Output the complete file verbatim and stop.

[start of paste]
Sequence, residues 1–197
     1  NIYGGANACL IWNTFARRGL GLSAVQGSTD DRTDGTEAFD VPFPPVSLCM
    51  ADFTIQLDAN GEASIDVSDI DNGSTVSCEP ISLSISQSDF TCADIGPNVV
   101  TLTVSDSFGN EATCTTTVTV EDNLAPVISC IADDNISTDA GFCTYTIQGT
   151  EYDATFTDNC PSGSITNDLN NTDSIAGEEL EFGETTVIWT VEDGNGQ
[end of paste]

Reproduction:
Sequence, residues 1–197
     1  NIYGGANACL IWNTFARRGL GLSAVQGSTD DRTDGTEAFD VPFPPVSLCM
    51  ADFTIQLDAN GEASIDVSDI DNGSTVSCEP ISLSISQSDF TCADIGPNVV
   101  TLTVSDSFGN EATCTTTVTV EDNLAPVISC IADDNISTDA GFCTYTIQGT
   151  EYDATFTDNC PSGSITNDLN NTDSIAGEEL EFGETTVIWT VEDGNGQ